If the configuration on the active instance changes, you should create a snapshot via the UI or CLI and recover this to the standby instance so that both instances use the same configuration.

» PostgreSQL Database

The Azure Database for PostgreSQL service provides a guaranteed high level of availability. The financially backed service level agreement (SLA) is 99.99% upon general availability. There is virtually no application down time when using this service. More information on Azure Database for PostgreSQL service redundancy is available in the Azure documentation.

» Object Storage

Using Azure Blob Storage as an external object store leverages the highly available infrastructure provided by Azure. More information on Azure Storage redundancy is available in the Azure documentation.

» Vault Servers

For the purposes of this guide, the external Vault cluster is expected to be deployed and configured in line with the HashiCorp Vault Enterprise Reference Architecture. This would provide high availability and disaster recovery support, minimising downtime in the event of an outage.

» Disaster Recovery

» Failure Scenarios

The PTFE Reference Architecture is designed to handle different failure scenarios that have different probabilities. The ability to provide better service continuity will improve as the architecture evolves.

» Region Failure

PTFE is currently architected to provide high availability within a single Azure Region. Using multiple Azure Regions will give you greater control over your recovery time in the event of a hard dependency failure on a regional Azure service. In this section, we’ll discuss various implementation patterns and their typical availability.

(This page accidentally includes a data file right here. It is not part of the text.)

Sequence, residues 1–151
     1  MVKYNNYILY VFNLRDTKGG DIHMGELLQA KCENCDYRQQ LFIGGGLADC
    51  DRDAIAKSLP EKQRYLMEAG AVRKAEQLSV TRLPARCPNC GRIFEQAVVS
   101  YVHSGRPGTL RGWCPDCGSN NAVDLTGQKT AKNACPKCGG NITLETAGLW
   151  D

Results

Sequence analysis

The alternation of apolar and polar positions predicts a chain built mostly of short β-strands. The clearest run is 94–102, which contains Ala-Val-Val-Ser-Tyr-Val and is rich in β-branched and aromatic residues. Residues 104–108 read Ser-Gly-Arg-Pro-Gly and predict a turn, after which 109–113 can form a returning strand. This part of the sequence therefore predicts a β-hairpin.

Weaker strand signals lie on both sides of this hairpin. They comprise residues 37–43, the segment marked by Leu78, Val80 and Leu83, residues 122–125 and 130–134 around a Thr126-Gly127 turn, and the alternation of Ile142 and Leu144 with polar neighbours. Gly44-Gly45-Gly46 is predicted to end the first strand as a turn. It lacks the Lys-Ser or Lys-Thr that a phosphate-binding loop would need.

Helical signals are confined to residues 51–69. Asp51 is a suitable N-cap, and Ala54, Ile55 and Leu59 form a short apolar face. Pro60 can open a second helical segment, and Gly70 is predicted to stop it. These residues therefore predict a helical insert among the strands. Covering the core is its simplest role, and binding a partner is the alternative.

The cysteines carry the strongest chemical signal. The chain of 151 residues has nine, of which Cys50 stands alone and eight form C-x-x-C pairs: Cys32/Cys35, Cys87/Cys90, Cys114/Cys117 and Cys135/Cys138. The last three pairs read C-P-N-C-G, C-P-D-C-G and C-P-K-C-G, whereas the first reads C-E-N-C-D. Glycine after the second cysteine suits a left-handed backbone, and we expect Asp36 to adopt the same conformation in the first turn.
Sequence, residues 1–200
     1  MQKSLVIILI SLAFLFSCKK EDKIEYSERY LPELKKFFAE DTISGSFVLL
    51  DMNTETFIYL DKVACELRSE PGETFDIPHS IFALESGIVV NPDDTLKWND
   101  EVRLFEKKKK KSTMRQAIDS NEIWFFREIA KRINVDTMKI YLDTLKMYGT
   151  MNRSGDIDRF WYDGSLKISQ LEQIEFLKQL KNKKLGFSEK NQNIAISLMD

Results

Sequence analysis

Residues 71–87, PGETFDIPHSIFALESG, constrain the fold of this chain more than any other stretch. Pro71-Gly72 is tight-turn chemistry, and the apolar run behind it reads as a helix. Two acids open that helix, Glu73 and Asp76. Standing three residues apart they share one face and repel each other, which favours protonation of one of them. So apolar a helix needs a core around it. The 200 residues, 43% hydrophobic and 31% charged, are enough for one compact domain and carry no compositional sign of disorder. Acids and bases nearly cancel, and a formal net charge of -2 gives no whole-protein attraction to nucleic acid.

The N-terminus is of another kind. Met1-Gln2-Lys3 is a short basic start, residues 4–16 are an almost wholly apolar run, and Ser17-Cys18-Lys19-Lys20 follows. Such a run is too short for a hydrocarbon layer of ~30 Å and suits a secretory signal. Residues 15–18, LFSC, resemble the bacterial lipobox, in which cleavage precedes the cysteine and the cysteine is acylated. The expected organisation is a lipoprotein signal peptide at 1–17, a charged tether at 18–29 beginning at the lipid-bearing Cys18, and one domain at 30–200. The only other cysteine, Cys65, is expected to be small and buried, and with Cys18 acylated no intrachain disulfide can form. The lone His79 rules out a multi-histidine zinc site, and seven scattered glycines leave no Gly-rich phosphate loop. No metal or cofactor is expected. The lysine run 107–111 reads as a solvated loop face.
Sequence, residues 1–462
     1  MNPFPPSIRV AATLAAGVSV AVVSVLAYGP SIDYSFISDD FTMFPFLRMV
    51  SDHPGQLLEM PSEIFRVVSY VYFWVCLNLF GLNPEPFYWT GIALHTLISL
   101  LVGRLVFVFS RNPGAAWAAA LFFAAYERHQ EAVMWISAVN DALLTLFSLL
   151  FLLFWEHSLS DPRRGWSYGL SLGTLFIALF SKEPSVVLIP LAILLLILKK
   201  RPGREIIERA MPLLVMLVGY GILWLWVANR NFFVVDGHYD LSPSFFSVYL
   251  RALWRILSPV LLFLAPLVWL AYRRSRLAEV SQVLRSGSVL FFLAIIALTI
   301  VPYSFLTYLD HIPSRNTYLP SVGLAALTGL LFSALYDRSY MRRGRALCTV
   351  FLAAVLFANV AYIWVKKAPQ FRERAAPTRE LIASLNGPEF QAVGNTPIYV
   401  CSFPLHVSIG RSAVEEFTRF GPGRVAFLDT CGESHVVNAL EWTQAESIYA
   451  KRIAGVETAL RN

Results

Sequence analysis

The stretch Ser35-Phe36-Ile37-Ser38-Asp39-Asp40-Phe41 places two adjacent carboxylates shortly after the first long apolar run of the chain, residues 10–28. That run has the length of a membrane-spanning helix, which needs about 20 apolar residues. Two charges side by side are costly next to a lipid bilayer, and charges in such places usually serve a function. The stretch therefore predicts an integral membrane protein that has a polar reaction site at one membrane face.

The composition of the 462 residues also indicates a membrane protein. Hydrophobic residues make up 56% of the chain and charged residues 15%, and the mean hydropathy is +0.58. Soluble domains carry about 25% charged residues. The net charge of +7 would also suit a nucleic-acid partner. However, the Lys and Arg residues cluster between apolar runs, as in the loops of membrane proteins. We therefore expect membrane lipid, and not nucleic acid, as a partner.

An identical infrastructure should be provisioned in a secondary Azure Region. In the event of the primary Azure Region hosting the PTFE application failing, the secondary Azure Region will require some configuration before traffic is directed to it along with some global services such as DNS.

» Data Corruption

The PTFE application architecture relies on multiple service endpoints (Azure DB, Azure Storage, Vault) all providing their own backup and recovery functionality to support a low MTTR in the event of data corruption.

» PTFE Servers

When using the Production - External Services deployment model (PostgreSQL Database, Object Storage, Vault), there is still some application configuration data present on the PTFE server such as installation type, database connection settings, and hostname; however, this data rarely changes. We recommend configuring automated snapshots for this installation data so it can be recovered in the event of data corruption.

» PostgreSQL Database

Backup and recovery of PostgreSQL is managed by Azure and configured through the Azure portal or CLI. More details of Azure DB for PostgreSQL features are available here and summarised below:

Automated Backups – Azure Database for PostgreSQL automatically creates server backups and stores them in user configured locally redundant or geo-redundant storage.

Backup redundancy – Azure Database for PostgreSQL provides the flexibility to choose between locally redundant or geo-redundant backup storage.

» Object Storage

There is no automatic backup/snapshot of Azure Blob Storage by Azure, so it is recommended to script a container copy process from the container used by the PTFE application to a “backup container” in Azure Blob Storage that runs at regular intervals. It is important the copy process is not so frequent that data corruption in the source content is copied to the backup before it is identified.

» Vault Cluster

The recommended Vault Reference Architecture uses Consul for storage. Consul provides the underlying snapshot functionality to support Vault backup and recovery. Vault Backup/Restore doc.